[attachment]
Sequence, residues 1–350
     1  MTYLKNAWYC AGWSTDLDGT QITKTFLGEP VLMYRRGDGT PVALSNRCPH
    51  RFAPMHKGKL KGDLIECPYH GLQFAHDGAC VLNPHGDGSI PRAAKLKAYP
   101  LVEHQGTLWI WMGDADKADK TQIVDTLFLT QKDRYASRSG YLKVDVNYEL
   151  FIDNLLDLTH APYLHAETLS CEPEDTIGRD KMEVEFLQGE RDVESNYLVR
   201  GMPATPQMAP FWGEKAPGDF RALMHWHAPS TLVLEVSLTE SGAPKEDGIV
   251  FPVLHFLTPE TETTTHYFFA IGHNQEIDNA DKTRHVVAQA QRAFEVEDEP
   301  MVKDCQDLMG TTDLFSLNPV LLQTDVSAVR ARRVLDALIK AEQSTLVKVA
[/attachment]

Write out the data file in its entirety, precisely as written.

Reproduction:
Sequence, residues 1–350
     1  MTYLKNAWYC AGWSTDLDGT QITKTFLGEP VLMYRRGDGT PVALSNRCPH
    51  RFAPMHKGKL KGDLIECPYH GLQFAHDGAC VLNPHGDGSI PRAAKLKAYP
   101  LVEHQGTLWI WMGDADKADK TQIVDTLFLT QKDRYASRSG YLKVDVNYEL
   151  FIDNLLDLTH APYLHAETLS CEPEDTIGRD KMEVEFLQGE RDVESNYLVR
   201  GMPATPQMAP FWGEKAPGDF RALMHWHAPS TLVLEVSLTE SGAPKEDGIV
   251  FPVLHFLTPE TETTTHYFFA IGHNQEIDNA DKTRHVVAQA QRAFEVEDEP
   301  MVKDCQDLMG TTDLFSLNPV LLQTDVSAVR ARRVLDALIK AEQSTLVKVA